Several organizations are ready to hop on the e-learning bandwagon, thanks to the many benefits it offers. But when it comes to creating e-learning courses, it is surprising that certain misconceptions exist. This article will dispel some of these myths and fill you in on the actual conversion process.
Myth #1: E-Learning Is Just Adding Audio to PowerPoint Slides.
One common misconception about the process is that all it involves is adding audio to the PPT and delivering it as an e-learning course. The fact is, though, that an e-learning course involves much more than audio. For starters, you need to modify the content to make it simple, understandable and engaging in the absence of an instructor. This involves using the right instructional strategy to make it a robust e-learning course.
One of the primary requirements of an e-learning course is that it is highly interactive, which is not likely if all you do is add an audio script to the content. E-learning should engage the learner using interactive activities. These activities should fit the context, audio needs and delivery platform of the course. Fortunately, you can create activities from your existing resources by converting slides, handouts, case studies, worksheets and quizzes. For instance, you can turn case studies into “What would you do?” scenarios that will make learners think instead of just reading text.
Myth #2: PowerPoint Conversion Simply Involves Publishing It.
Another common misconception around PowerPoint conversion is that it just involves publishing a PowerPoint slide deck using an authoring tool. The fact is that authoring tools play a much bigger role in the conversion process. With the help of rapid authoring tools, the conversion process becomes more than just transferring the content online.
Authoring tools play an important role in helping you do away with the PowerPoint look and feel that will persist if you do a straightforward conversion. Authoring tools help make the course exciting. You can use them to add interactive learning elements such clickable items, slideshows and dialers. This interactivity is usually missing in PowerPoint presentations, because they are designed for a classroom environment. Authoring tools also help transform assessments into a stress-free activity by allowing for a wide variety of engaging assessment types (i.e., drag and drop, matching, or scenarios) and customized feedback.
Myth #3: Conversion Involves Transforming the Slideshow Into Online Resources.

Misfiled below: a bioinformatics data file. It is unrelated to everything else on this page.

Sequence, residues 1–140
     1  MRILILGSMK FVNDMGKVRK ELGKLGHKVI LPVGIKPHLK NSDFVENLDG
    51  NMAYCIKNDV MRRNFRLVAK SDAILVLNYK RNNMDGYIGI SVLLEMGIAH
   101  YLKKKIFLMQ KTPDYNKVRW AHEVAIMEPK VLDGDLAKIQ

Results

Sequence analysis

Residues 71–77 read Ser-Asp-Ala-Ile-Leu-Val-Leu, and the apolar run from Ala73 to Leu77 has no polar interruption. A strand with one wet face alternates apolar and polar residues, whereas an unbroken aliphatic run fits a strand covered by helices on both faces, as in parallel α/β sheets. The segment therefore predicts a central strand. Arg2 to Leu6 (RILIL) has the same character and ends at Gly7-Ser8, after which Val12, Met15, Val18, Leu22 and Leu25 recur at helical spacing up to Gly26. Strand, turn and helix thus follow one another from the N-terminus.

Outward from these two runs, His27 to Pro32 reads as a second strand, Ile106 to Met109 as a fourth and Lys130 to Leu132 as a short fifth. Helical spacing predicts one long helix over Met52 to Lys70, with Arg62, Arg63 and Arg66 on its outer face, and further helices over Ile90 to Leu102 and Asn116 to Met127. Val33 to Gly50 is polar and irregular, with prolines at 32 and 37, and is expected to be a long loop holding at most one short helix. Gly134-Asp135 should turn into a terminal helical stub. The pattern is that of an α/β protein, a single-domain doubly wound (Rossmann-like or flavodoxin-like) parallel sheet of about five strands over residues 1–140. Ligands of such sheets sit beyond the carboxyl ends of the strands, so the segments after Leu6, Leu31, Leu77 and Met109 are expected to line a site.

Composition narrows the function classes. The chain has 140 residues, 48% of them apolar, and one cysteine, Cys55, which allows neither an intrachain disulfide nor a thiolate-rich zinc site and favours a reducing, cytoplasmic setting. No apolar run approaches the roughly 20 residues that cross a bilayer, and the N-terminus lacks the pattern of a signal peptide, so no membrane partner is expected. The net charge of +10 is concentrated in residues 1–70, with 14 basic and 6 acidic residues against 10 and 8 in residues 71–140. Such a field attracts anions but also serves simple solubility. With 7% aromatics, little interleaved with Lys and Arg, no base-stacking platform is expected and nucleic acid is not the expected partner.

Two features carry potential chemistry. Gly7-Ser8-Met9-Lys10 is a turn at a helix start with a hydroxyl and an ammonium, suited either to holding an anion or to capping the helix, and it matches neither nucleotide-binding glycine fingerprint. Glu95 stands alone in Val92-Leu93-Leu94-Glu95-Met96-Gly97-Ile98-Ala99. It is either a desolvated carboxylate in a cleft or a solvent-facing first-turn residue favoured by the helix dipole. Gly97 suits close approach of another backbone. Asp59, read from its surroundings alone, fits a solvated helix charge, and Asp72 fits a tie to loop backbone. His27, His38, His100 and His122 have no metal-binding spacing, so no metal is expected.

Some believe that the conversion process just involves transforming the PPT presentation into a web resource, such as a PDF, and then uploading it onto the company intranet or the internet. Instead, you should add graphics, animations and visuals to classroom PowerPoint decks to make them more engaging. Images, visually appealing text and other instructional elements make the course attractive to learners.
For instance, one IT firm wanted to create an e-learning course on a talent management tool from classroom training resources that included PowerPoint slides. The content-heavy resources were presented in the e-learning course in the form of high-level interactive activities and animations with audio. The course also used simulations to help learners understand how to use the tool.
Myth #4: Uploading PowerPoint Slides Onto a LMS Makes It an E-Learning Course.
Another misconception is that conversion simply involves uploading a slide deck onto a LMS. However, this approach will not serve the purpose of e-learning. When converting slideshows into an e-learning course, you will need to develop them into an LMS-compatible format (i.e., SCORM, Tin Can API or AICC) using an authoring tool.
This conversion will enable you to upload the course to your LMS; add quizzes, surveys and tests after units; and save activities. The conversion process also involves adding navigation elements to the course, which will help transform the course from a boring, page-turning activity to one that is non-linear, exciting and engaging. With the help of authoring tools, you can create a non-linear presentation that includes sections and sub-sections, making it easy for learners to navigate through the course and giving them the ability to skip over what they know and easily find what they do not know.
Conversion of PowerPoint presentations into e-learning courses will also require creating assessments. The slides presented in classroom sessions will only have oral assessments to check the learners’ understanding. An online course has to include assessments to evaluate learners on the learning outcomes.
Converting in-person training content to e-learning courses must be carefully planned. The next time you need to convert your classroom training into e-learning, don’t go by your assumptions. Make an informed decision.